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February 20, 2024

Challenging the Status Quo: Higher Education's Shifting Views on Strategic Technology Partnerships

By: Scott Drossos

Think about how many times you took advantage of a service or product you could have easily provided yourself this past week. It could be going out for lunch, taking an Uber, or utilizing a laundry service. Today, nearly all of us “outsource” an array of activities because they provide greater convenience, higher levels of service, and flexibility, and save us time and money in the long run. The most successful outsourcing providers usually meet all those criteria, knowing how to meet our consumer needs.   

Multiple variables often impact the tasks and activities you choose to complete yourself versus those you outsource. An outsourced trend often evolves when an alternative presents a substantial benefit that begins to challenge the status quo. For example, the speed to outsourcing can be rapid, like we saw with food delivery service at the height of the COVID-19 pandemic, while at other times, the shift evolves slowly over many years, as we’ve seen with dining out.  

Now, think about the company, institution, or entity that you work for. Ask yourself what the core purpose or capability is.  

At Apogee, our core purpose is to provide higher education the power to do and achieve more through fully managed technology services. On the other hand, higher education institutions strive to improve the lives of their students and communities by empowering them with knowledge and training, so they can successfully participate and compete in a changing world. Some higher education institutions also focus on becoming research and innovative hubs that advance and transfer knowledge in their respective areas of interest and expertise. 

I recently spoke to a CIO of a large, nationally recognized public institution, and he stated that his institution is evaluating the benefits of outsourcing to providers to deliver services not directly tied to its academic or research focus. I had a similar conversation with a provost of a small private college. She expressed frustration in driving accountabilities across her non-academic support areas and attracting and retaining top talent in these areas. We’ve encountered more conversations like these, indicating a greater willingness to partner with proven higher ed managed technology services experts.  

The slowed growth of the college student population over the last few years has caused higher education institutions to re-evaluate the quality of the services they provide to their students, understanding they are directly tied to recruitment and retention. Student housing management has said their residential students have three basic needs: food, shelter, and Wi-Fi.  Students willingly go to social media platforms to express their dissatisfaction when unhappy about any facet of the college experience, especially concerning these critical services.  

Historically, the word “outsourcing” has received a bad rap. All too often, the term has been associated with moving work and jobs offshore or shifting work from union to non-union workers. The education market has been particularly sensitive to these approaches and stigmas. However, the concept of utilizing partners for non-core functional services has become more readily acceptable across the education sector, with a few important caveats. Those caveats are that the provider must be proven, trusted and culturally matched for higher education, and deeply understand higher education’s needs and sensitivities.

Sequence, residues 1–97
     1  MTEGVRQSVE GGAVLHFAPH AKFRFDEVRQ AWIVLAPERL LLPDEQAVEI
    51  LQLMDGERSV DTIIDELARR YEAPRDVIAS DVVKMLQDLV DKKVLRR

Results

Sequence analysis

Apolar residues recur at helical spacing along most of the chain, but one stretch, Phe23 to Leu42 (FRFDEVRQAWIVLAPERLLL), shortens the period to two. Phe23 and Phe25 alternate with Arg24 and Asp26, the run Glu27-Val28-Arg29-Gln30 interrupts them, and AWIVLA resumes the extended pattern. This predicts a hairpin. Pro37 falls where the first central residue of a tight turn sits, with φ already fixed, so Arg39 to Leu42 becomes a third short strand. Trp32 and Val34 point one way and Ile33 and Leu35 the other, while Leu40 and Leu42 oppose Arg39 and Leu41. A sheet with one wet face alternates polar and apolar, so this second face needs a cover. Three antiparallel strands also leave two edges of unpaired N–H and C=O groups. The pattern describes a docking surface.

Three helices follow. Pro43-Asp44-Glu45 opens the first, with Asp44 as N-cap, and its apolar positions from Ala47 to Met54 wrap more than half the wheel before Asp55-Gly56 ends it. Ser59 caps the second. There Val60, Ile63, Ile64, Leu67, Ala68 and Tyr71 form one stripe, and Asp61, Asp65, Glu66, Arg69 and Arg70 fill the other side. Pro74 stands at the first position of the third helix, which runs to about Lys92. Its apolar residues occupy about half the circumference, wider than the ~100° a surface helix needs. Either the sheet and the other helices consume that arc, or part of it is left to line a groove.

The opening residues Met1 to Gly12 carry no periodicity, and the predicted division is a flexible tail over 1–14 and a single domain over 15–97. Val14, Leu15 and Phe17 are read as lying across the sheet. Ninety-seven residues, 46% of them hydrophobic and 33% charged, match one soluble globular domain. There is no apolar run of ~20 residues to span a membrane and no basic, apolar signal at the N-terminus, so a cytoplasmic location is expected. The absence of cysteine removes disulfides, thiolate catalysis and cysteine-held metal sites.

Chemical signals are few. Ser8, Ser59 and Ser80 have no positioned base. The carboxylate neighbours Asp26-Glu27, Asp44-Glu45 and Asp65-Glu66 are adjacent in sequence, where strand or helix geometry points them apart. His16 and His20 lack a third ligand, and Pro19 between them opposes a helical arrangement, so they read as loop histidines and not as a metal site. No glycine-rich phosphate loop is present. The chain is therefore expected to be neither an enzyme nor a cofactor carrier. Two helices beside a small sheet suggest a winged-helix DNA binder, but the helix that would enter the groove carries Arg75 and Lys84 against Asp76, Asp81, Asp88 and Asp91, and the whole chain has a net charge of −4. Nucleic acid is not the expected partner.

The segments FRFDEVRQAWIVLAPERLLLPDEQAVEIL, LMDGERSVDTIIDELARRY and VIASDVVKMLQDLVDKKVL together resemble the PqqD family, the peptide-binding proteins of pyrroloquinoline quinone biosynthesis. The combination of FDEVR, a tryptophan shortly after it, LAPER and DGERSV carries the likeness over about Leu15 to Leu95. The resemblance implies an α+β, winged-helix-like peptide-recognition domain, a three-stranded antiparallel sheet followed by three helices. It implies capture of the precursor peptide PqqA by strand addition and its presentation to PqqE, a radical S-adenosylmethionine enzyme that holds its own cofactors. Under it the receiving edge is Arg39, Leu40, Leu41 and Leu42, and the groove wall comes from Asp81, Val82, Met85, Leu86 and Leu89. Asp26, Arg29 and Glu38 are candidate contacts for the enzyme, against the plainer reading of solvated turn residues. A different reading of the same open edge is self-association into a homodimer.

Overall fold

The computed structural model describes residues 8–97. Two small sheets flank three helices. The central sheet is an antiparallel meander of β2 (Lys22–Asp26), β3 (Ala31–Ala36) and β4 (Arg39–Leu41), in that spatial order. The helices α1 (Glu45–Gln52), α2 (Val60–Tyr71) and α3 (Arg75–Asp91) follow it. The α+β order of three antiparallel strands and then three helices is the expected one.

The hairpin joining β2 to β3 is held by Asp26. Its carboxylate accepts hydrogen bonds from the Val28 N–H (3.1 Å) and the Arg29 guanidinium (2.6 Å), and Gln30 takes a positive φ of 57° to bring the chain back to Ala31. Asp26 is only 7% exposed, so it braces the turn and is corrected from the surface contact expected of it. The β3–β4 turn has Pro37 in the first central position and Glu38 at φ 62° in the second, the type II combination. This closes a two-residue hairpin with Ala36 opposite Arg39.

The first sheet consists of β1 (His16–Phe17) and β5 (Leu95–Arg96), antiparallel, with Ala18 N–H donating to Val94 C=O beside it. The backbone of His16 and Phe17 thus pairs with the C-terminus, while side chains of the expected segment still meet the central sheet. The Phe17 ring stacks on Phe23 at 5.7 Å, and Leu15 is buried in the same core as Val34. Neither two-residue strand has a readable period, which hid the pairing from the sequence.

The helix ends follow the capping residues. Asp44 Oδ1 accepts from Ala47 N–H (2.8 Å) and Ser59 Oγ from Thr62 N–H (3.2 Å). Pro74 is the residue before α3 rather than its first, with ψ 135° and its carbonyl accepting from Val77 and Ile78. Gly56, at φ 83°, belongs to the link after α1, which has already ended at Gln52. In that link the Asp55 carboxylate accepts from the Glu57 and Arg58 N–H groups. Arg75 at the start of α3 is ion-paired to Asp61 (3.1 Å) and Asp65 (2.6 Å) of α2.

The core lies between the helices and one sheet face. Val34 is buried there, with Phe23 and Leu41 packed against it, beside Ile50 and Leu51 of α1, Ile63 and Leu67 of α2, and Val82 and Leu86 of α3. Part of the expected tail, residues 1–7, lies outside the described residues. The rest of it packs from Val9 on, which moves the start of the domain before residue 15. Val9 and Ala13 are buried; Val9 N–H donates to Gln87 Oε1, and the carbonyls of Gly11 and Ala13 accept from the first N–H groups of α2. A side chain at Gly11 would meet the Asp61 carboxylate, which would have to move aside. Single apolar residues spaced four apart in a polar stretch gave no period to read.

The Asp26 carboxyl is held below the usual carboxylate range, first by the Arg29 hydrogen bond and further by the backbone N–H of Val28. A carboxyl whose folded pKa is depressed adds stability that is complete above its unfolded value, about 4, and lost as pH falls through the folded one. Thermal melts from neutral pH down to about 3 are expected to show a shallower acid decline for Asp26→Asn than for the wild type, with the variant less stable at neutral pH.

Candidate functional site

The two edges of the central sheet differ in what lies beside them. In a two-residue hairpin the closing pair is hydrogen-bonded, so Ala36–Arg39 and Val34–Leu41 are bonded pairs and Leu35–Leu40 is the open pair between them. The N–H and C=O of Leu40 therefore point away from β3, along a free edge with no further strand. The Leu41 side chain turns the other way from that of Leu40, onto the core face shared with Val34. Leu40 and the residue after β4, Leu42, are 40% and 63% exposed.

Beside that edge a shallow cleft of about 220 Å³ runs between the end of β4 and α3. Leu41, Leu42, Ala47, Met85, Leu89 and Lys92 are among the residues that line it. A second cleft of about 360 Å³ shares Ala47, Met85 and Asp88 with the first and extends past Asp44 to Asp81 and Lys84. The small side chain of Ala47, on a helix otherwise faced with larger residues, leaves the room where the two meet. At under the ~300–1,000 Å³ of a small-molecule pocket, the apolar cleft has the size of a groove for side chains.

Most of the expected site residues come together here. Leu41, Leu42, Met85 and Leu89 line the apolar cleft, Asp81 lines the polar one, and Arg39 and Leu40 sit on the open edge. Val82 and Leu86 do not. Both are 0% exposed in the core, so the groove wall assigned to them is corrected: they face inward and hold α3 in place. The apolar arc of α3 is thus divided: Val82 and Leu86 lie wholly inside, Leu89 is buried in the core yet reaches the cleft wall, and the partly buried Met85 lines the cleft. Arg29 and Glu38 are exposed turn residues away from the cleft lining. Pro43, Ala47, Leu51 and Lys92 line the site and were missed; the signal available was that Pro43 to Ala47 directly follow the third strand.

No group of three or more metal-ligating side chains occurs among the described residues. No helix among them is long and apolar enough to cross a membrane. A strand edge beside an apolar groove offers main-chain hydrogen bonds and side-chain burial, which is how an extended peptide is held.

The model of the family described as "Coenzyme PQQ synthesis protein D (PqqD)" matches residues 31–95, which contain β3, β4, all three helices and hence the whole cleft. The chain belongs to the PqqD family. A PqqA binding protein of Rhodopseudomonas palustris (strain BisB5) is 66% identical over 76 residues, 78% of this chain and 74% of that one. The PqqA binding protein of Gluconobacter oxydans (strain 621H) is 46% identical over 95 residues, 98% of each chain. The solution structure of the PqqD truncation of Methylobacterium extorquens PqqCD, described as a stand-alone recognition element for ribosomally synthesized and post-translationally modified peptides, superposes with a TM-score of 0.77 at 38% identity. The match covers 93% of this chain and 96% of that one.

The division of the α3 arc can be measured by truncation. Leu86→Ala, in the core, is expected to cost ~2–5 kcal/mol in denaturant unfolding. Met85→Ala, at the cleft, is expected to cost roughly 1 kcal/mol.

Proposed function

Higher education organizations take their time, being methodical and incremental about outsourcing. Although their missions foster learning and innovation, they tend to be operationally insular, cautious, and risk averse. Operations such as food services, facilities, and bookstores are the most outsourced. However, adopting external partner alternatives for other non-core services is shifting as well.  

When colleges and universities do decide to outsource a function, they tend to go about it carefully. They will want (and need) a partner familiar with their culture, one that possesses a solid reputation with at least 10 years of consistent delivery in higher education, and the critical mass to provide scalable leading-edge services. A lot is at stake because their student, faculty, and administrative success depends on it. In other words, a uniquely high bar is set for higher education.  

We are seeing a heightened interest among higher education institutions in Apogee’s traditional managed network services and, increasingly, our comprehensive managed technology services. These turnkey technology services offer an alternative to building, financing, delivering, and supporting these services so colleges can focus on their core purpose of educating and empowering the next generation.  

The evolution of outsourcing is evident across various industry sectors, and higher education is no exception. Increasingly, it represents a strategic choice for institutions aiming to streamline operations and focus on their mission.  

As more colleges recognize the benefits of outsourcing their non-core services, Apogee stands ready to meet the growing demand. 

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Scott Drossos

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